The Tom Weaver Sardonicus Interview
Q: Your newest Scripts from the Crypt book, #11, is Mr. Sardonicus. Is it safe to assume that you’re a fan of the movie, and that’s why you’ve made it part of your series?
Tom Weaver: I’m a sucker for MOST of the old William Castle horror movies, and Mr. Sardonicus stands out from the pack because, in my opinion, it resembles an episode of TV’s THRILLER – another favorite of mine! A good, ghoulish story, with a period setting, a castle that might as well be in Transylvania – it grabbed me as a kid. And I have to plead guilty to be unable to shake my fondness for most of the horror pictures I especially liked at a young age.
Q: You were even able to include Ray Russell’s novelette “Sardonicus,” the basis of the movie.
Weaver: And Ray Russell also adapted his own story, he wrote the screenplay – and made some improvements! I discovered to my surprise that a long-time email pen pal, Marc Russell, was the son of Ray Russell. I told him about my Scripts from the Crypt series and said I’d love to do a Sardonicus edition, covering his dad’s story AND his dad AND the movie – and, of course, also branching off in a dozen different directions, as all the Scripts from the Crypt books do, so that I could include lots of material on William Castle and the stars of Mr. Sardonicus; David Schecter again tackled a chapter on the music of the movie, and on and on. As you’ll read on the back cover, the book is “armed to the teeth” with the usual blizzard of extras.
Q: The novelette and the movie are only 60 years old. That’s practically a new movie, for you!
Weaver: New enough that the leading lady, Audrey Dalton, is still around, and she had the fun challenge of writing an intro for the book. The first Scripts from the Crypt book was on The Hideous Sun Demon and that had an intro by its producer; I think this is only the second Scripts from the Crypt book where the movie is “new” (to use your word) enough to have one of the moviemakers do some of the writing.
Q: There’s also a career article on Audrey Dalton in the book, and I assume she contributed to that also.
Weaver: Yes, some anecdotes, and also photos. That was written by Laura Wagner, the top writer for the magazines Classic Images and Films of the Golden Age. She also tackled a career article on Guy Rolfe for the book, and contacted Rolfe’s niece, who not only provided information but also some photos. Even a shot of a young Guy Rolfe from his days as a policeman! Laura’s the type who binge-watches all the available movies of whoever she writes about, so she put a lot of time into her Guy Rolfe and Audrey Dalton chapters and, with the help of Audrey and Guy’s niece, tried to make sure she got everything right, from their personal details to the plots of their movies.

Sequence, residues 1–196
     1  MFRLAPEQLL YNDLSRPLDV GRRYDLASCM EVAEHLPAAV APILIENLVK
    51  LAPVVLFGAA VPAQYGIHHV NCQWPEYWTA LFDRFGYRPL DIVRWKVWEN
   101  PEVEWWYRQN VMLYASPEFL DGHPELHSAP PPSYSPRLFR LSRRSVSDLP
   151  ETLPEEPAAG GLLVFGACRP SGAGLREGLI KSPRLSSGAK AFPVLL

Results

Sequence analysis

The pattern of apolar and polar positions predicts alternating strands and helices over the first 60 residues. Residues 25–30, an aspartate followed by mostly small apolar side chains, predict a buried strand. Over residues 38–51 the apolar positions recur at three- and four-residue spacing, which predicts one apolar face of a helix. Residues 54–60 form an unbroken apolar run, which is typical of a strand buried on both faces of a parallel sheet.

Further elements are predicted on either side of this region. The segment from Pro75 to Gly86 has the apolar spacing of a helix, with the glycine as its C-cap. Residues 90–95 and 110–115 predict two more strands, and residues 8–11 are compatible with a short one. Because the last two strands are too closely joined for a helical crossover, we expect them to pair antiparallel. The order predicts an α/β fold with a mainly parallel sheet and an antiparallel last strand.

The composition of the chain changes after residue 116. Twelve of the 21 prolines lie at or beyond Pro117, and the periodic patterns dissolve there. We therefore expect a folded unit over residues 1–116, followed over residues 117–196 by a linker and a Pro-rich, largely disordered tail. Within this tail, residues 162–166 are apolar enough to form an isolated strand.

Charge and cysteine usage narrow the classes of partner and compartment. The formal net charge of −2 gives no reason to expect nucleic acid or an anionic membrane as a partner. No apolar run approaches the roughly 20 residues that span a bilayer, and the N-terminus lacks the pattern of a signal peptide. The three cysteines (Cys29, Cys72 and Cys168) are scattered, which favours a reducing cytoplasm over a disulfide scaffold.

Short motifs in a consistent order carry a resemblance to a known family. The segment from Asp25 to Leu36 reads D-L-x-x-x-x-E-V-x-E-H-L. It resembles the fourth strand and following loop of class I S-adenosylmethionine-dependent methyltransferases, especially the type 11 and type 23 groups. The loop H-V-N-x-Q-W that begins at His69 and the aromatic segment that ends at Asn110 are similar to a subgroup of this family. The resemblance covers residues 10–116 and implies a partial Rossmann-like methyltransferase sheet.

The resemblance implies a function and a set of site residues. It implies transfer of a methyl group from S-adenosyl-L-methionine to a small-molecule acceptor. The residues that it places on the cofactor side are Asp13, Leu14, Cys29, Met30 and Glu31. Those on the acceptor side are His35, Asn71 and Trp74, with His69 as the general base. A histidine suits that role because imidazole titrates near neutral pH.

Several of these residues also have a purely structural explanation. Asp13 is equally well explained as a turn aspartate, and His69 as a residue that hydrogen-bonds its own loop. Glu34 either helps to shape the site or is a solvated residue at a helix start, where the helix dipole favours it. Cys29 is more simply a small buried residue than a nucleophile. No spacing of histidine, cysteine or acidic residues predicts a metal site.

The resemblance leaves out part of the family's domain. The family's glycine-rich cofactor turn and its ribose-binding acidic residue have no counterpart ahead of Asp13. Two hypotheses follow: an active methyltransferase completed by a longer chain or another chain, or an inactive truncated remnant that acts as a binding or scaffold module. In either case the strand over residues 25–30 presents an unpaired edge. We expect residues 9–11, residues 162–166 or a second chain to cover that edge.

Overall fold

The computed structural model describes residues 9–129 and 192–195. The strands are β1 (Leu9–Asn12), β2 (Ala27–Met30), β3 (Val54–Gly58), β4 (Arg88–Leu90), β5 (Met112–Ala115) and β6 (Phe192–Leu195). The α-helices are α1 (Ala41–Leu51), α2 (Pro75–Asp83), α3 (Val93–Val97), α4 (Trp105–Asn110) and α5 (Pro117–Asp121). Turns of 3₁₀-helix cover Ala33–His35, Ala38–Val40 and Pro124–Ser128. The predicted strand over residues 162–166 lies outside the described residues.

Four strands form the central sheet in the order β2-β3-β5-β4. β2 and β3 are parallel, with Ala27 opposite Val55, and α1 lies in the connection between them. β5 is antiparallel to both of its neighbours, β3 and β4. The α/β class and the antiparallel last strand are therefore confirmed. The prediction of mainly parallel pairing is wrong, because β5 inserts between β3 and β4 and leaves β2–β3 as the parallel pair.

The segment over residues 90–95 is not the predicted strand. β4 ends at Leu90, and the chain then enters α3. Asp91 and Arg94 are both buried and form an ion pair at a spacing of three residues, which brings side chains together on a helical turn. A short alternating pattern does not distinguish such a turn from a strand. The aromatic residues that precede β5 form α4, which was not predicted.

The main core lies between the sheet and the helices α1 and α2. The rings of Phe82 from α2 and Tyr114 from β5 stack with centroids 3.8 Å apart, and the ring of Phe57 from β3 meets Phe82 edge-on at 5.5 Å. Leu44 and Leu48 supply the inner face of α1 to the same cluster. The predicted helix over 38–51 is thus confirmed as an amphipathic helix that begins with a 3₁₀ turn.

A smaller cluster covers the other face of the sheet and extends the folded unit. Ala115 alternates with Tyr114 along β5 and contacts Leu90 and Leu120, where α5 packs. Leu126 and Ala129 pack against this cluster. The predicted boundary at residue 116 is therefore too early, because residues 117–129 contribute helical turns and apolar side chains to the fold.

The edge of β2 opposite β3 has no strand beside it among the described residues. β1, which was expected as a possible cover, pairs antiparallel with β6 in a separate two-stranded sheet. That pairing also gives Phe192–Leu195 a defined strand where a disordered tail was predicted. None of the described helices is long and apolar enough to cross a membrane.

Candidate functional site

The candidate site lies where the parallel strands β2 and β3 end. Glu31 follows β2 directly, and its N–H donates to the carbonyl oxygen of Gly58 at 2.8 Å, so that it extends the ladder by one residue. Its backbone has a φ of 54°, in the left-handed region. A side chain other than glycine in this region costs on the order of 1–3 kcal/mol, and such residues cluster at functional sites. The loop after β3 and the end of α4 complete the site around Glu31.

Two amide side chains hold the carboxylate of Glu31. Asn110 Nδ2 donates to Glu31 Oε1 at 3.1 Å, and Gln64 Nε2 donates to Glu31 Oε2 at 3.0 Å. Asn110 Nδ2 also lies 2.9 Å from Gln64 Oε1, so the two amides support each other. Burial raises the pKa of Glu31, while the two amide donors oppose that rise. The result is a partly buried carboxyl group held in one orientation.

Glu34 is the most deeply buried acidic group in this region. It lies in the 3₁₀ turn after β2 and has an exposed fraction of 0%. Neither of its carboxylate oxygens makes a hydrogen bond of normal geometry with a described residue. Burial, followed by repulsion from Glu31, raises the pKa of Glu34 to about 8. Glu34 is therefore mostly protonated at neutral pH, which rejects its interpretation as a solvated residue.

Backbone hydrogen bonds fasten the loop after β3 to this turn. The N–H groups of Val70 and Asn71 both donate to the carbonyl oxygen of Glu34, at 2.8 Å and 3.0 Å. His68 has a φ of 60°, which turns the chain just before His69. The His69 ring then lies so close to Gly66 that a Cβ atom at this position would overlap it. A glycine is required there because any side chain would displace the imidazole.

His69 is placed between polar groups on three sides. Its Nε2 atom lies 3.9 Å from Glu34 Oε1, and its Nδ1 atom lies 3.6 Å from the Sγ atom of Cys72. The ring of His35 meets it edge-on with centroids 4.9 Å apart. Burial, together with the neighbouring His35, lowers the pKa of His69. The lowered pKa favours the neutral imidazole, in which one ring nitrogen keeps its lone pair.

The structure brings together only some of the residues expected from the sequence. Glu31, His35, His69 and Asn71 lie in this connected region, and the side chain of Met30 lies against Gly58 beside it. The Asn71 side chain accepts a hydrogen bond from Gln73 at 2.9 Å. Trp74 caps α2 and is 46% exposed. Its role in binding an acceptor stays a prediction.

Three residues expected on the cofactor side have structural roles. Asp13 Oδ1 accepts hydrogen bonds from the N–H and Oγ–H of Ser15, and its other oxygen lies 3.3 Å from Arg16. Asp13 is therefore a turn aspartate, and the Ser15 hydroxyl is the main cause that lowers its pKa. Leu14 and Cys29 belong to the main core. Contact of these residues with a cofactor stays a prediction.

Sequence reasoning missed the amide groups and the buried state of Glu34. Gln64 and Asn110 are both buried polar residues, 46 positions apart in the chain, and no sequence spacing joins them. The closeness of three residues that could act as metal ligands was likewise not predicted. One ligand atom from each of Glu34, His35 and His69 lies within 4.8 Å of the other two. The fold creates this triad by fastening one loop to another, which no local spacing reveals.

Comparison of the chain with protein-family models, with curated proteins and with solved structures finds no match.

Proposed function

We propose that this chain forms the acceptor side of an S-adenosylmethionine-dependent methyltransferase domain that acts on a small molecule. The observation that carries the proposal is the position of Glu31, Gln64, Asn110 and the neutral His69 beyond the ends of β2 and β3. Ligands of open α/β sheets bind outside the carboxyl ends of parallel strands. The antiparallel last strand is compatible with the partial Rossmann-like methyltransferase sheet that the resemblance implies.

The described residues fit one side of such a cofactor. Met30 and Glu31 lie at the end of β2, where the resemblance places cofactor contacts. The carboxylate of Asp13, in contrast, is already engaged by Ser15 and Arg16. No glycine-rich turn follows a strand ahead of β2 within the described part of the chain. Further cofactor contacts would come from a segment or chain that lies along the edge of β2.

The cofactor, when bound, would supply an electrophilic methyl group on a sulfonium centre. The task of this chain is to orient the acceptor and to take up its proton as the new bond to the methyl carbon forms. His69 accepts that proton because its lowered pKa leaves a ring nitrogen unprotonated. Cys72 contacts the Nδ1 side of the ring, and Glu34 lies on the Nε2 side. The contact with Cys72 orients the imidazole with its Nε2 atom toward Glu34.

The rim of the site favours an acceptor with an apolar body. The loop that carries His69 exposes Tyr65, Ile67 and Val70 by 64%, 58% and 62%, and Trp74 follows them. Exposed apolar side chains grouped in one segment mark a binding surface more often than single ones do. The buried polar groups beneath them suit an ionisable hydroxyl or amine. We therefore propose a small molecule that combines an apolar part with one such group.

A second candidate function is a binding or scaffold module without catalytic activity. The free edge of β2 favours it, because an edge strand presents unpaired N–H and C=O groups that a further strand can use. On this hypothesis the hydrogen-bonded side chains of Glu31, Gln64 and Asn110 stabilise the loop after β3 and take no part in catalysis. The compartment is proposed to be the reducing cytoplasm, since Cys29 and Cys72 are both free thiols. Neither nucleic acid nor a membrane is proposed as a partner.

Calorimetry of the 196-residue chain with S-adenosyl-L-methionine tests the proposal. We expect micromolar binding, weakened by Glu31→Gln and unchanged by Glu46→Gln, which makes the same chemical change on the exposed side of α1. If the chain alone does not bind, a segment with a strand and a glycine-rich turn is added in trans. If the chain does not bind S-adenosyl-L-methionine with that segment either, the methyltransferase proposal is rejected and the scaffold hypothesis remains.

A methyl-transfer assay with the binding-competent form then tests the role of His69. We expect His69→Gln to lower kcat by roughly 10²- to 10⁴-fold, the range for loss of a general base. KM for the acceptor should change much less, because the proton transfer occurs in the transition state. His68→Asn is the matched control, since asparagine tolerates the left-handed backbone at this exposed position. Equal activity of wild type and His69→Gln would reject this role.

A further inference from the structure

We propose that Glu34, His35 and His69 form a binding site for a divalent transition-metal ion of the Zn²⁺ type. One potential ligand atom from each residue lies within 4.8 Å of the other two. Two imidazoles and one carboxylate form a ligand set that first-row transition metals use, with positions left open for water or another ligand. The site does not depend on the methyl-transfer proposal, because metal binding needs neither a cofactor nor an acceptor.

Q: Do you foresee future Scripts from the Crypt books on other Ray Russell movies?
Weaver: So many movies, so little time. There are perhaps a dozen Scripts from the Crypt books in the works. For some of ’em, only a few pages have been written so far; others are heading for the homestretch. And 100 titles buzz around in my head. I won’t live long enough to do all the books I’d like to do – and I don’t know how much longer the interest in these old movies will last. I’ve noticed that a lot of people today turn up their noses at the idea of watching any “old movies” – and to them, a movie that’s two or three years old is “old”! If down the line I was able to do another Scripts from the Crypt book on a movie scripted by Ray Russell, it’d be X—The Man with the X-Ray Eyes.
Q: Were you able to write about X at all in the Sardonicus book? I know you love to go off on tangents.
Weaver: I included a whole chapter, “Ray Russell’s Other Horrors,” so that I could have some fun writing a few pages each on X, The Premature Burial and the 1966 Chamber of Horrors. While I was at it, I even included Zotz! and The Horror of It All.
Q: Part of the fun of some of the Scripts from the Crypt books are the rare photos you and your co-authors come up with.
Weaver: That’s getting harder only because my brain is starting to turn mushy, and oftentimes I no longer know which photos I’ve seen before and which ones I haven’t. THAT makes things difficult! But this book does have quite a number of pictures of William Castle on the sets of various movies, Castle with the Mr. Sardonicus camera crew, some ads that Columbia took out in various trade papers for The Tingler, Homicidal, Mr. Sardonicus, Zotz! Even a neat behind-the-scenes shot of Ray Milland and Don Rickles on the set of X.
Q: Did you put Sardonicus-style skull teeth on the BearManor panda? I’ve noticed that your BearManor books always screw with the panda.
Weaver: I’m afraid our imagination let us down this time, we couldn’t figure out what to do with the panda. The teeth … too obvious. Giving him a mask … that didn’t seem like it would work. We thought of having him doing a thumbs-up or thumbs-down, spoofing Mr. Sardonicus’ “gimmick,” but then I tried to picture in my mind a panda’s paw with one claw pointing down and I realized it’d look stupid. So in the back cover photo of Sardonicus’ castle, we just stashed the panda in the fog, peeking out from behind a bush. The panda was disappointed, but we explained to it, “Comedy is hard, and this time, it was TOO hard.”
Q: When will you announce Scripts from the Crypt #12?
Weaver: When I’m sure what it’s gonna BE. Some of these books come together quickly, others take forever, for various reasons. Sardonicus took forever, partly because of the China virus closing all the various archives, and partly because every time I finished doing a Blu-ray audio commentary, I got assigned two MORE. But I think I know what #12 will be, and I’ll tell you this much: It won’t be a new movie like Mr. Sardonicus, which had its 60th anniversary this year. Scripts from the Crypt #12 will probably be devoted to a movie that’s more like 80.